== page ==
Israeli secret service and army websites disrupted for several hours after video threat from Anonymous hacker group
Israeli officials and security experts have rejected claims that a cyber-attack by the hacker group Anonymous was behind the failure of several government websites on Sunday, including those of the Mossad, the Shin Bet secret service, the Israeli army and some government ministries.
The websites were inaccessible for several hours but all were back online again by Monday.
In a YouTube video posted last Friday, Anonymous threatened to “strike back” at Israel if it continued to block vessels attempting to reach Gaza by sea. The video was released shortly after Israeli naval commandos boarded a Canadian and Irish vessel sailing to Gaza and arrested the passengers and crew.
In the YouTube message An Open Letter from Anonymous to the Government of Israel, an electronically generated voice can be heard accusing Israel of “piracy on the high seas”. “Your actions are illegal, against democracy, human rights, international, and maritime laws,” the statement continues. “Justifying war, murder, illegal interception, and pirate-like activities under an illegal cover of defence will not go unnoticed by us or the people of the world.
“We do not tolerate this kind of repeated offensive behaviour against unarmed civilians. If you continue blocking humanitarian vessels to Gaza or repeat the dreadful actions of 31 May 2010 against any Gaza freedom flotillas then you will leave us no choice but to strike back. Again and again, until you stop.” The message ends with a warning: “Expect us.”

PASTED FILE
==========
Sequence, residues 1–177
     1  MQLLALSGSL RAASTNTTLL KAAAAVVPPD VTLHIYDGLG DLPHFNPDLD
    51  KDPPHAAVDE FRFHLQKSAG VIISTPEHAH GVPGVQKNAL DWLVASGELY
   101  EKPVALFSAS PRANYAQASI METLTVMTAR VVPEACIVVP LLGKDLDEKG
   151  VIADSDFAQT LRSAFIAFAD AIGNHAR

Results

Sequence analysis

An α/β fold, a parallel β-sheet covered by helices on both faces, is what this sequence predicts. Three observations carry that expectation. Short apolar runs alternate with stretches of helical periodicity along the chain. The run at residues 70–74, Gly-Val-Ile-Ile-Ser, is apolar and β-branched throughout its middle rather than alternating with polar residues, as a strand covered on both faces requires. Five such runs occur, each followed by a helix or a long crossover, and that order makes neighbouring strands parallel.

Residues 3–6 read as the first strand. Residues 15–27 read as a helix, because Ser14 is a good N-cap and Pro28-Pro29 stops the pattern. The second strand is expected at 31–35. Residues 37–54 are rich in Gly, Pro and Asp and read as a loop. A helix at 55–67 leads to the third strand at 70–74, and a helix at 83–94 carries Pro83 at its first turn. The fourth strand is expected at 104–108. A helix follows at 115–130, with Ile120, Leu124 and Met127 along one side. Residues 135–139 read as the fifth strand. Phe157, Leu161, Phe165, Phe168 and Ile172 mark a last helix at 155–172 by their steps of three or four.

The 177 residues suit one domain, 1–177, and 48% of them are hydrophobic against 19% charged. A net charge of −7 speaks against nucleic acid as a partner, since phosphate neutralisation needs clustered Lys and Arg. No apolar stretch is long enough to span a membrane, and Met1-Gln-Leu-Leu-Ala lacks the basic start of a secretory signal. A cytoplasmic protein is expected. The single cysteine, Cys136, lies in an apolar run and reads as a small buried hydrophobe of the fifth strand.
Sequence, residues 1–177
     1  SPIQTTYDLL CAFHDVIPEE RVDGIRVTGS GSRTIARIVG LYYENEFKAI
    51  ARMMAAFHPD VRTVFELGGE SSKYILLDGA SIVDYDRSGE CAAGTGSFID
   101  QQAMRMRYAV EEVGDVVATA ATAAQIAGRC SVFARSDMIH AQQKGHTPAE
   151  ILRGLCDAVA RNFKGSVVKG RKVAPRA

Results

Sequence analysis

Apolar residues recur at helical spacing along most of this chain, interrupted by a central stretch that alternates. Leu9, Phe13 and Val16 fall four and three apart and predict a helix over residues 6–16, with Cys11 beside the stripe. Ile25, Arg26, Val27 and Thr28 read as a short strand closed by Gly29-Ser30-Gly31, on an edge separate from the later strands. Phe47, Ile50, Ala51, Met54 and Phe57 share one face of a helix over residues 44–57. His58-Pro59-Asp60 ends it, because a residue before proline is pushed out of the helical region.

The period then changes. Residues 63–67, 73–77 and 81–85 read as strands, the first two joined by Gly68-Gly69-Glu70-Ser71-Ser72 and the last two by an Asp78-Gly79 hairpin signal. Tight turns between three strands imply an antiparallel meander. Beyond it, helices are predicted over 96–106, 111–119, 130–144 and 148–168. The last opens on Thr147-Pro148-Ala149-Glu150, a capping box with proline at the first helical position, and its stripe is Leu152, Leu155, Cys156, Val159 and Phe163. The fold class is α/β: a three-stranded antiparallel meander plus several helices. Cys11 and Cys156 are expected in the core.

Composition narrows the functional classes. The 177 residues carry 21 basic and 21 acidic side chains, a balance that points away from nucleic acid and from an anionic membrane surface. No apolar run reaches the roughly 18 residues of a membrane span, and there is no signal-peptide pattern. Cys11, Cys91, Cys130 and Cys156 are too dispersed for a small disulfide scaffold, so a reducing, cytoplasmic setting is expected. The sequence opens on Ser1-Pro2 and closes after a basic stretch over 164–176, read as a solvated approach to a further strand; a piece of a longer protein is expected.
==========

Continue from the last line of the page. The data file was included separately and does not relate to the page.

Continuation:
The Israeli sites crashed about 48 hours later. An army spokesperson said it was “a coincidence” – a response dismissed by observers who noted that several Palestinian sites were hacked last week, as was the site of the Russell tribunal, currently hearing testimony in South Africa on why Israel is an apartheid state.
But Nitzan Miron, a former member of Matzov, the cyber security division of the Israeli military, responsible for defending networks from hackers, said the breakdown was “a really strange coincidence”.
Miron, now chief executive of 6Scan, a website security start-up in Tel Aviv, said there had been a hardware crash rather than a software problem caused by a cyber-attack. “Nothing is impossible but it doesn’t look like it [a cyber-attack],” he said. He said a decision to group all the sites in one hardware system had resulted in a chain reaction of malfunctions.
“It’s all part of a project called Tehila that puts all of those sites together in one data centre. When one fell, they all fell. The back-ups failed. Hopefully next time they’ll have better back-ups and this kind of thing shouldn’t happen,” he said. “Those were just the front-end sites. They don’t contain the actual classified information.”
The successful penetration of some of Israel’s most prominent sites would be a major embarrassment to the Israelis, who pioneered cyber security and whose algorithms protect large swaths of computerised banking and e-commerce around the world.
The Guardian, November 7, 2011